The Historical Spectator.

The Wicked City of Richmond in 1864

Edward A. Pollard, a die-hard supporter of the “lost cause” (indeed perhaps the inventor of the term), knew Jefferson Davis, and had an insider’s view of the dysfunctional Confederate government throughout the war. In 1869 he published a book with the provocative title Life of Jefferson Davis, with a SECRET HISTORY of the Southern Confederacy, Gathered “Behind the Scenes in Richmond.” The words “SECRET HISTORY” were printed in very large type on the title page, and the book was sold by canvassing agents, who doubtless relied upon the sensational impact of those words to make a sale. The book itself, however, is sober, well-reasoned, and well-informed. Mr. Pollard’s thesis is that the Confederacy, whose cause was (of course) just and noble, had all the resources at its command to conclude the war successfully, and the defeat was due to the vanity and incompetence of President Davis and the men who surrounded him. Here, as Grant moves in on Richmond, the wicked city continues its orgy of vice.

The government of Mr. Davis was not yet alarmed. It had no reason to be alarmed except for the chances of its own mistakes. Nobody in Richmond was alarmed—not even so much as when McClellan, in 1862, had displayed his standards on the banks of the Chickahominy. There was the same recklessness of vice in this city that it had displayed so early in the war, and that had pointed it out as the centre of all the crime and iniquity in the South. There were the same “faro banks,” on Main and other streets, with numbers painted in large gilt figures over the door, and illuminated at night; the same flashily dressed young men with villainous faces, who hung about the street corners during the day, and were gamblers, garroters and plugs at night: the same able-bodied, red-faced and brawny individuals who mixed bad liquors in the bar-rooms, and who held exemptions from military duty as consumptive invalids, or for some reason had been recommended by the Surgeon-General to keep in cheerful company and take gentle exercise; the same men who frequented the innumerable bar-rooms, paying five dollars for a drink of the bad liquors, and who, mistaken for men of fortune, happened to be out-door patients of hospitals, with a daily allowance for stimulants, or government clerks on salaries, the monthly amounts of which, would not pay for a single night’s carousal. The society of Richmond was given over to unabashed vice and revelry, to continue thus until the partial doom of Sodom should overtake it. The filthy and accursed city was indeed a commentary on the administration of Mr. Davis; for that he should have made of his capital such a place indicates his own unworthiness, and, no matter what local or particular excuses are made, men will think how weak and bad must have been the government, immediately around which the moral atmosphere was so impure. It has often been boasted of Richmond, that it never lost its confidence during the war; but we must confess that much of this confidence was a vile recklessness that lived in the twenty-four hours, not all the serious and manly faith which calculates the morrow, and reposes on its superiority to fortune. To the last vice kept open doors in Richmond. For the present it had taken out a new lease of its abodes, as it supposed itself secured by the immediate presence of Lee’s army, and confidently expected for Grant, the sequel of McClellan.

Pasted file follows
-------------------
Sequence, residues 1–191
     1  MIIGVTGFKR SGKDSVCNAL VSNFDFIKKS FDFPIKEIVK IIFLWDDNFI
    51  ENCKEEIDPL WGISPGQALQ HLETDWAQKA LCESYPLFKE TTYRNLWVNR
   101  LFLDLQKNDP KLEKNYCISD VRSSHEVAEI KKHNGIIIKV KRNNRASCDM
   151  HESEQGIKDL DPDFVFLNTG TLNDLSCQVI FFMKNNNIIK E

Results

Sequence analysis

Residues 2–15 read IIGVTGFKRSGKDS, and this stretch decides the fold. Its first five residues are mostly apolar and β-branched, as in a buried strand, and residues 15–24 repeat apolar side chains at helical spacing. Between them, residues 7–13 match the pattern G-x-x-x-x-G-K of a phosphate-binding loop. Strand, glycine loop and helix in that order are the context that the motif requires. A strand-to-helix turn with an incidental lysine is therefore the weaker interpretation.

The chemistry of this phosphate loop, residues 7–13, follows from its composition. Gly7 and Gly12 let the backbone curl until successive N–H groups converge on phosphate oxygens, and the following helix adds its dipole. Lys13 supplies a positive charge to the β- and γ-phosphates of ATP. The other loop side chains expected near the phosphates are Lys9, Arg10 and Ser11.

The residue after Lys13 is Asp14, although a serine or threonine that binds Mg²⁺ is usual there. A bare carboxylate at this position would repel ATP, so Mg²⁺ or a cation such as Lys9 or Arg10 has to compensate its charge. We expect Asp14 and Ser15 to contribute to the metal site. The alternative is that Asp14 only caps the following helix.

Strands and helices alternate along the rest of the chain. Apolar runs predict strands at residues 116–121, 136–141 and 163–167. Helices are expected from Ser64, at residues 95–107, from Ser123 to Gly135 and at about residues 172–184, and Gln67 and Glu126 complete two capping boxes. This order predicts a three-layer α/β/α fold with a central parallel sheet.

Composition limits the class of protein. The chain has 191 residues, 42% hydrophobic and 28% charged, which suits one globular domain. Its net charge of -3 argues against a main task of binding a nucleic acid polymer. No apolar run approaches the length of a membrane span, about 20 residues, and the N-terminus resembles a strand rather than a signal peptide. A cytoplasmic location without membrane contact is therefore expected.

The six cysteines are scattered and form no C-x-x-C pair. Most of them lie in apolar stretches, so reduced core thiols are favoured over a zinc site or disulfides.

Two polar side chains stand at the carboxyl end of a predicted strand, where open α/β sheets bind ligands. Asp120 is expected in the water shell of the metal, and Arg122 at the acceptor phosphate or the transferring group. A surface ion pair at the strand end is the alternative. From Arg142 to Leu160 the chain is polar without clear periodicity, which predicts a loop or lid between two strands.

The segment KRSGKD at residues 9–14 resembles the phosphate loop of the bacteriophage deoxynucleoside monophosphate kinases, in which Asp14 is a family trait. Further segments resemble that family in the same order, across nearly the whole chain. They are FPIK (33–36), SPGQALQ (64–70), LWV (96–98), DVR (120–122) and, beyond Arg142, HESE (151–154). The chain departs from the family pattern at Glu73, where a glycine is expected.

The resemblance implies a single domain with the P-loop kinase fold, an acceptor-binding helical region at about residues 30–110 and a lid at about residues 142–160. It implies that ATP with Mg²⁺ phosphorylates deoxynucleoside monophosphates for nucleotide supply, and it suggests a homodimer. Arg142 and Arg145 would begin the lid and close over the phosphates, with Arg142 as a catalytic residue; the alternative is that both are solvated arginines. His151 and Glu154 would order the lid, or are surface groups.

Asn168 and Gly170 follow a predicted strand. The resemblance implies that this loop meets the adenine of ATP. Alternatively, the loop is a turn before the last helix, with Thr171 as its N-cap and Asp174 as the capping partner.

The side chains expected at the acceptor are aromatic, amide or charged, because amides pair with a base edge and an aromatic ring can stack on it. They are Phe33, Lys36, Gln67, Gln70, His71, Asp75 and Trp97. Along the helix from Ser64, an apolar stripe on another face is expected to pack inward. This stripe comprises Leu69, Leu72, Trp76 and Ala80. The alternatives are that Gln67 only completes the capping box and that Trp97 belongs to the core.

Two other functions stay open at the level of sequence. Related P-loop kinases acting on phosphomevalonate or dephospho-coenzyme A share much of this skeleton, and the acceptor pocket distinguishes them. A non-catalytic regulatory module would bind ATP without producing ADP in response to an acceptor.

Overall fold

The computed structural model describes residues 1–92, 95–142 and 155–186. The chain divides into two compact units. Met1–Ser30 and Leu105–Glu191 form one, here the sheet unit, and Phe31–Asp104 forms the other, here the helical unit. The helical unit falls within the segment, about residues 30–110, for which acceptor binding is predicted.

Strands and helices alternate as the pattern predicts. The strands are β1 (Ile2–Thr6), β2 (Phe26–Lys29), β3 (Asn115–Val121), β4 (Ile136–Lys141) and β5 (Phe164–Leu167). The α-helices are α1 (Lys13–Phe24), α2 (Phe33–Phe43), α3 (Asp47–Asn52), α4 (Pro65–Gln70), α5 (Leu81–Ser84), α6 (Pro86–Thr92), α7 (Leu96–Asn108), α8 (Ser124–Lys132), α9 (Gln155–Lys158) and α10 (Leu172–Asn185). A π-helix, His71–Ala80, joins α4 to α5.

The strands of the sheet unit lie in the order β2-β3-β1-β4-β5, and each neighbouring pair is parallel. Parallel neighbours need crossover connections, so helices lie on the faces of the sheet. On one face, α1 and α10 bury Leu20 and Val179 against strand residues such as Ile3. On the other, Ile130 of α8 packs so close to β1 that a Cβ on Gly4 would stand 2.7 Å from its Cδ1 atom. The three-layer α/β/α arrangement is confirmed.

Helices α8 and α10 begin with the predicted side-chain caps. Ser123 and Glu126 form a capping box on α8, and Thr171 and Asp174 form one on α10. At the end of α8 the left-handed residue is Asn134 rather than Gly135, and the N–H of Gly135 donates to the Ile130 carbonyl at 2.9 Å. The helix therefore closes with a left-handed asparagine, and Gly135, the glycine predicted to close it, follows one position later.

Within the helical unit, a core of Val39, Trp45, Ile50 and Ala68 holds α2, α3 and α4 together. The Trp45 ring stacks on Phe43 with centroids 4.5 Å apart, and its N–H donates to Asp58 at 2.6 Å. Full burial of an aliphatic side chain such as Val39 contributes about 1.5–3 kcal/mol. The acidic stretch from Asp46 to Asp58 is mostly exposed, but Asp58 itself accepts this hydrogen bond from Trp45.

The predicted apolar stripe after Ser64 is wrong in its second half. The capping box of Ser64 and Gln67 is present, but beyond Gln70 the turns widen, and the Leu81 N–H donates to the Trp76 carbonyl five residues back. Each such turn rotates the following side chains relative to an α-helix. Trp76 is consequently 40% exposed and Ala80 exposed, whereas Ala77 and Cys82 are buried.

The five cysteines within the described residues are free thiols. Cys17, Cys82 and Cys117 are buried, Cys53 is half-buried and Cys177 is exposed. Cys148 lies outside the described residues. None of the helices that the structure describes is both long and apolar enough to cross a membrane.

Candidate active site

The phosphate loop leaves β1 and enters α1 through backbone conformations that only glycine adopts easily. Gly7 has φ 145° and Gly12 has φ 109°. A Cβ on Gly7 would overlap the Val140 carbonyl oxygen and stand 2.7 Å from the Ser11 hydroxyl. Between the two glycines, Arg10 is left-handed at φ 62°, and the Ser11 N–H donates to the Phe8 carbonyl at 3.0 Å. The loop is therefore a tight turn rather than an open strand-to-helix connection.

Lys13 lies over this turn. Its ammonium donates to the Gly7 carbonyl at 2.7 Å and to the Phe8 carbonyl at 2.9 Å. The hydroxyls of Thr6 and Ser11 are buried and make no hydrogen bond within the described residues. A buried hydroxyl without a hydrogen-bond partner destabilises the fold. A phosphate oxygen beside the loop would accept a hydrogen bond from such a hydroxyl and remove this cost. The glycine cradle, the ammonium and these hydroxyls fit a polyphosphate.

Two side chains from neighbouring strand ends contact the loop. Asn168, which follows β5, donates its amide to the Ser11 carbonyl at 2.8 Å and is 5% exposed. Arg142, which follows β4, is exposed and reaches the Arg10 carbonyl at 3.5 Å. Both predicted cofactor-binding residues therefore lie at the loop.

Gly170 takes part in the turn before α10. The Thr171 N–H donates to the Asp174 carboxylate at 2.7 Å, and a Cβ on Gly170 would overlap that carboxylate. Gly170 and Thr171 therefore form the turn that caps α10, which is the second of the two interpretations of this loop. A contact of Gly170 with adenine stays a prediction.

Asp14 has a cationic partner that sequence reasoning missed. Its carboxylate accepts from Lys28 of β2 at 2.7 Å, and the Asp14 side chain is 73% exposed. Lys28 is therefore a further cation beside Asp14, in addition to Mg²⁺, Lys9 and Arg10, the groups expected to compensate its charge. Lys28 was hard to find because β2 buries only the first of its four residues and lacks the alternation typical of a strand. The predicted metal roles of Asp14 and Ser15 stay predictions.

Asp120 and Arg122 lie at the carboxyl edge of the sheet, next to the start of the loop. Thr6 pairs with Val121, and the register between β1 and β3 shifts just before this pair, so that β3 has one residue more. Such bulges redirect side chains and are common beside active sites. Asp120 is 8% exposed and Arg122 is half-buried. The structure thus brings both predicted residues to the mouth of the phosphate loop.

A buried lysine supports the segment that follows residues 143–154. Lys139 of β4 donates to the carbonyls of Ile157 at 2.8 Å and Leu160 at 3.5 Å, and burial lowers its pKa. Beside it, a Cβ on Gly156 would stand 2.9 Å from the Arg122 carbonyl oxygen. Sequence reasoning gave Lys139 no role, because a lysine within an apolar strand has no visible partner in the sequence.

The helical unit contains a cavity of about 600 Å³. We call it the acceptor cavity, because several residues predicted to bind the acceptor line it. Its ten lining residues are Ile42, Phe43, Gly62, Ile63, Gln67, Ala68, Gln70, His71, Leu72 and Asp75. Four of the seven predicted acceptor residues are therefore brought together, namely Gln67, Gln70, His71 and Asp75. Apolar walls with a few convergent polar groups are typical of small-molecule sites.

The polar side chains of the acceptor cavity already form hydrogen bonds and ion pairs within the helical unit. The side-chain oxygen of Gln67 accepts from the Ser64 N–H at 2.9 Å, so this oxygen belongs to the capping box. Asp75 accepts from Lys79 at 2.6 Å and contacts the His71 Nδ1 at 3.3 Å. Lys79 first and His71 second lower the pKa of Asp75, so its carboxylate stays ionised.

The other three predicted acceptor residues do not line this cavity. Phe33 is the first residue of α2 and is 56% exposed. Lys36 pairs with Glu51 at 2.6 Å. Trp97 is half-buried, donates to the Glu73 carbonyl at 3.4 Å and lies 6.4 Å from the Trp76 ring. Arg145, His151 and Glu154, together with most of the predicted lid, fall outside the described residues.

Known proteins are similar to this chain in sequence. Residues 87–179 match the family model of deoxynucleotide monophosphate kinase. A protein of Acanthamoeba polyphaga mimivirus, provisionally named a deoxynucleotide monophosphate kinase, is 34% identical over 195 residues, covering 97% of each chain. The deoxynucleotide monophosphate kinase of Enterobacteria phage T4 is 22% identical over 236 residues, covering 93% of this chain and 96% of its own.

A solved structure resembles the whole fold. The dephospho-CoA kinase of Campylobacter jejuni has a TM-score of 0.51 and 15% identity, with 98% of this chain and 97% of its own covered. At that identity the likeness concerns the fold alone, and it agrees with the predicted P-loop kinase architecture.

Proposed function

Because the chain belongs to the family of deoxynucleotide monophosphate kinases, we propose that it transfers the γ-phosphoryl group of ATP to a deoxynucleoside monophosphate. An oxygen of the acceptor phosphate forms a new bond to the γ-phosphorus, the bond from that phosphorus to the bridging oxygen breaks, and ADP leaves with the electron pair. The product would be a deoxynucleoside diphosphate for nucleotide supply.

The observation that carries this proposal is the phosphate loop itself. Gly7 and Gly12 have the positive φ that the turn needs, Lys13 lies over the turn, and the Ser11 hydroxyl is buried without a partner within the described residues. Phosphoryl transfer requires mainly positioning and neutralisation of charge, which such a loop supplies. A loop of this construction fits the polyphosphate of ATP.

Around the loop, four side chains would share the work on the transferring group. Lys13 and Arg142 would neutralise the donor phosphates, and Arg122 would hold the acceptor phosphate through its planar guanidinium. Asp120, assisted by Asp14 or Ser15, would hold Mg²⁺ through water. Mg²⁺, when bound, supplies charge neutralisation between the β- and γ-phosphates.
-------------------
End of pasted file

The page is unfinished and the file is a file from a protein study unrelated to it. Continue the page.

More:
From Life of Jefferson Davis, with a Secret History of the Southern Confederacy, Gathered “Behind the Scenes in Richmond,” by Edward A. Pollard.